Friday Recap: What do Facebook stories, tbh and UAC have in common? They’re great news for marketers
In Facebook’s latest attempts to appeal to younger users they’ve expanded stories to be available on Pages. The question, of course, is whether anyone will notice. The social media giant has also acquired a new (and again, hip) app for teens, as well as all of the valuable data that comes with it.
For those in the business of marketing apps, life just got a whole lot sweeter thanks to Google’s transition to Universal App Campaigns (UAC), which allows app marketers to get their product in the hands of as many users as possible.
Facebook expands stories in hopes of boosting popularity…
Millennials and older generations are using Facebook more than ever. These days, you probably even have Mum or Nana on there liking every status. Among teens, however, the site is less popular.
Facebook is well aware of this fact. Four years ago, then-CFO David Ebersman admitted that they had ‘seen a decrease in daily users specifically among younger teens.’ To win over some of these users, Facebook is making a couple of changes.
For one, they’ve expanded Stories to be accessible to Pages, including businesses, groups and events. This is a popular feature on other social media platforms, and could be a great tool for advertisers, but only if anyone actually cares …
It’s no secret that Facebook Stories hasn’t been very popular. Facebook borrowed the feature from Snapchat and used it on Instagram (which they own).
Open your Instagram feed and you’ll see how many of your friends have embraced stories. On their own site, however, Facebook hasn’t been able to generate very much interest. We’ll have to wait and see, however, if expanded access can make the difference.
… and purchases a new app for teens
Facebook has also purchased a new app for teens. The app – called tbh – allows users to log in and answer positive questions about their friends. Tbh will pull a user’s contact list and prompt them to assign compliments anonymously to their mates.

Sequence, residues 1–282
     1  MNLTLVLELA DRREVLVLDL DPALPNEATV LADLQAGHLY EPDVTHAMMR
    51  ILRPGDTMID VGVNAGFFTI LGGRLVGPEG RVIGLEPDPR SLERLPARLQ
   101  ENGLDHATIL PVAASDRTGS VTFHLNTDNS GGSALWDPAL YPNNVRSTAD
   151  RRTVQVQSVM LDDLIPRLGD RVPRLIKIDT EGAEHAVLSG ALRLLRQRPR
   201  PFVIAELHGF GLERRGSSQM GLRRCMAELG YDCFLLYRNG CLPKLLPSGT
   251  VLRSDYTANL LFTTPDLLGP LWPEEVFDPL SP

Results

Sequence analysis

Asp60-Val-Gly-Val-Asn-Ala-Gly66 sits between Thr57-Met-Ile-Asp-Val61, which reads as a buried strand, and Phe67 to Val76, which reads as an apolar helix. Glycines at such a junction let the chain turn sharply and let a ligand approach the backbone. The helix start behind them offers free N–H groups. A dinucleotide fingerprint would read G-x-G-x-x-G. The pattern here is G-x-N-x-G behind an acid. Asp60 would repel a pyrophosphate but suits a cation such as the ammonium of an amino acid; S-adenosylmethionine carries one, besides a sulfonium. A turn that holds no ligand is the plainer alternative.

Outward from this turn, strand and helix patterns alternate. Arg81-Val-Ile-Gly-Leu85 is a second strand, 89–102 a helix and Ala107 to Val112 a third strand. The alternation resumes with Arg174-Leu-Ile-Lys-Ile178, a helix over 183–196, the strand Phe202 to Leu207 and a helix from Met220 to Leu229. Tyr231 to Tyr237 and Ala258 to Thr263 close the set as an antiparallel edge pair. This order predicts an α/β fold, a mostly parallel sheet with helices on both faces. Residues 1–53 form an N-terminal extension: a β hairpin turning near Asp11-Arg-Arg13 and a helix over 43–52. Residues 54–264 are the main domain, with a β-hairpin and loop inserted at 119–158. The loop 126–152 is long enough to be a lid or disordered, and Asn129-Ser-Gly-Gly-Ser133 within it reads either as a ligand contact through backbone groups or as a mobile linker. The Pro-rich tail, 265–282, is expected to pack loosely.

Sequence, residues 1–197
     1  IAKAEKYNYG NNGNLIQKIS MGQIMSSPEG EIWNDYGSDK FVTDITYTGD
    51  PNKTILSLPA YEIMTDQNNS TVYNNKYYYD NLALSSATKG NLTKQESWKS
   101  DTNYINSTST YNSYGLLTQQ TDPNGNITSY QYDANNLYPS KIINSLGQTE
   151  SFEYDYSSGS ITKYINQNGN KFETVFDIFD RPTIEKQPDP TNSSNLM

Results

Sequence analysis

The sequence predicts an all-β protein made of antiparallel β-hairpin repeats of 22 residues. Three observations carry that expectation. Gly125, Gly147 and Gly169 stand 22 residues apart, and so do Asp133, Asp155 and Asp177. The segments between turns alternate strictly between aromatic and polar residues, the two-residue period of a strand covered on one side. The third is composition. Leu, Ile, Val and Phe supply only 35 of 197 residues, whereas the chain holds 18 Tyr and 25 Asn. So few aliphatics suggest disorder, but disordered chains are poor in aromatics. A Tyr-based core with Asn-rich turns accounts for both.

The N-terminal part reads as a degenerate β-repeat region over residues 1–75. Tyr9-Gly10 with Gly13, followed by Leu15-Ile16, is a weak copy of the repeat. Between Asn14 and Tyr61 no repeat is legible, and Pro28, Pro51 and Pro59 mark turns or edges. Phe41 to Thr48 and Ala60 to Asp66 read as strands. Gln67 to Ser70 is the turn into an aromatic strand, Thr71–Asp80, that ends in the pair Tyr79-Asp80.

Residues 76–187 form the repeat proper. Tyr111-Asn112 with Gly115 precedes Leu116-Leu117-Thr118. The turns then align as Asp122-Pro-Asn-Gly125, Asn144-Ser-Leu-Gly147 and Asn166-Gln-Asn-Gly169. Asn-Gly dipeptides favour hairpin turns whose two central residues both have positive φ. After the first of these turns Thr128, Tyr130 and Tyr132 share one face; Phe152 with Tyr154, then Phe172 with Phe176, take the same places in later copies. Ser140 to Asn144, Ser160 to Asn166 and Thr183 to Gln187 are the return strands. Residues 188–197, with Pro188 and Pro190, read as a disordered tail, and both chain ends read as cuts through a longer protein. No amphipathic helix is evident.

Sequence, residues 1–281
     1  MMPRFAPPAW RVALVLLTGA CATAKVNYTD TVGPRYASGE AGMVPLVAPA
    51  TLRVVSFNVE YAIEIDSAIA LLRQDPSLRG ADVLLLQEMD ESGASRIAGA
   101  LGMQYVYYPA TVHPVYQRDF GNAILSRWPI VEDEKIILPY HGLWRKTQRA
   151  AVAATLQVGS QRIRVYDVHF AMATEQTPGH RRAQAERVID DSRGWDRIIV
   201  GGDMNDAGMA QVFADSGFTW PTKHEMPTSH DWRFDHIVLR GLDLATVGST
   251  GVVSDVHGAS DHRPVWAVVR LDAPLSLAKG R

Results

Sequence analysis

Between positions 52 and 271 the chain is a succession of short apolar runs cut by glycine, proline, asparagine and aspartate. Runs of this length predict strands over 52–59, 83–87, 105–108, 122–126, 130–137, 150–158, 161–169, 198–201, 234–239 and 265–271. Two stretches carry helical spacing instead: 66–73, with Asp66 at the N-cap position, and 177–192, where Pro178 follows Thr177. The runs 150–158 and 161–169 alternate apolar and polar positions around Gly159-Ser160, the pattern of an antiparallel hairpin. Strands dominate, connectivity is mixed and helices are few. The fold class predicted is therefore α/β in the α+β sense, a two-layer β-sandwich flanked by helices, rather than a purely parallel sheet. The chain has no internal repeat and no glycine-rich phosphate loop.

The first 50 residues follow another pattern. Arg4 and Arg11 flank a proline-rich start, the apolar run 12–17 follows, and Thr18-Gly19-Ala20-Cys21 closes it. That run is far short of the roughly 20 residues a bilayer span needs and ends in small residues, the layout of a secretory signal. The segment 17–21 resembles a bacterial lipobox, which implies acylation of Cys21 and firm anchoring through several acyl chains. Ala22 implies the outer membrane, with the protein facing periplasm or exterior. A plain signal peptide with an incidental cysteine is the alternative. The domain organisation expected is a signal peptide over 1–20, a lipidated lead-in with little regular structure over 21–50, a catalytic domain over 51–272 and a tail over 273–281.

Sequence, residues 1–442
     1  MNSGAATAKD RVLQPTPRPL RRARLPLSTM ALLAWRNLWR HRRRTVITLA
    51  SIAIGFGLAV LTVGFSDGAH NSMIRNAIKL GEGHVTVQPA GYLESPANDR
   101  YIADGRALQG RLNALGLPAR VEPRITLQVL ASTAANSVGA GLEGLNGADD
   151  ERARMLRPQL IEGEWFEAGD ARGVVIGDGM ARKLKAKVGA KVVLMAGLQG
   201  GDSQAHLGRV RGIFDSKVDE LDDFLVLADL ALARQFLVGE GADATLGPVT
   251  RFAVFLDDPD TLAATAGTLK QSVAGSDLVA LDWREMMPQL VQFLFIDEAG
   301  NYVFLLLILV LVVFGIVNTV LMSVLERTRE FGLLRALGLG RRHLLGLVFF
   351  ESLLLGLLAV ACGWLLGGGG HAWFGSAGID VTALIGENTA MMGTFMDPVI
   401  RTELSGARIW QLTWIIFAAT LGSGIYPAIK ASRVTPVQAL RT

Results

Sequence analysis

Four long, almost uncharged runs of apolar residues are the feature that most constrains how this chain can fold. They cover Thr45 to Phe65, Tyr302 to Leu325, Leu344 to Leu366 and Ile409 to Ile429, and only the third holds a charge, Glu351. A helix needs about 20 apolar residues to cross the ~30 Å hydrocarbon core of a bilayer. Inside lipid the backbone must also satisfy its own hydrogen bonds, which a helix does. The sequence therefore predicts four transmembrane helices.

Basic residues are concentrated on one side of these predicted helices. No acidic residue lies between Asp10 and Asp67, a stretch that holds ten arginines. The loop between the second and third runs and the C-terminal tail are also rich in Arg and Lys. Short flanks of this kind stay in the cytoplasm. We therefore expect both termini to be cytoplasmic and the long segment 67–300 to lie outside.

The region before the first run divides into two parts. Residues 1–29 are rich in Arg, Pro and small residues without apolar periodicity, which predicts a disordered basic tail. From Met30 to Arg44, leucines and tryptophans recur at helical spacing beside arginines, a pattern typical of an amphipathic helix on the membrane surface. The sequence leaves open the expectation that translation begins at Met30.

For example, the app might generate the superlative ‘is always there to listen’, and ask the user to give the compliment to one of four friends who is also using tbh.
For Facebook, purchasing tbh means snatching up one more app that could compete with them among teens. It’s also possible, however, that Facebook has another motive …
Because they own the app, Facebook also owns the valuable data tbh gathers about its teen users, all of which could be used to help Facebook appeal more to young people. If for example, a user is constantly complimenting one particular friend, Facebook can factor this into the algorithm about where this friend will appear in a user’s Facebook or Instagram feeds.
By understanding connections, Facebook can also create ad profiles based on a person’s likes and interests as well as their friends. This means tbh won’t just inform who shows up in teen’s news feeds, but also which advertisements.
For marketers appealing to teens, paid promotion on Facebook might have just gotten a whole lot more valuable.
Google moves all app install campaigns to Universal App Campaigns (UAC)
This week Google moved all AdWords app install campaigns to UAC. Since they announced the change earlier this year, Google has been urging its users to upgrade as soon as possible in order to enjoy the benefits of UAC.
UAC is a great tool for app marketers as it allows you to promote your app across Search, Google Play, YouTube and the Google Display network. In the past, these all needed to be separate campaigns with distinct advertisements.
UAC ads are easier for marketers because they streamline the process of advertising on multiple forums. The same text and assets from your app store listing are automatically used to design an attractive ad across other networks. Further, Google automatically tests different combinations to make sure your top performing ads are always shown most.
According to Google, UAC will help advertisers find their star customers because AdWords will focus on targeting those users most likely to compete the desired in-app action, such as sign up for a newsletter, put an item on a wishlist or join a group after downloading. By comparing information about how your ad is performing – and what users are searching for across so many different networks, UAC can offer a much more comprehensive picture of your ideal customer.
Does it work? Now that the switch is final, Google has published some success stories of advertisers who have converted to UAC, and their reports show gains across a range of marketing metrics, including:
- Increased conversions for in-app actions
- Higher retention rates
- The ability to find the ‘right users’
- Increased following
Google has reported that app install campaigns using UAC have already seen 140 per cent more conversions per dollar than those using other app promotion products.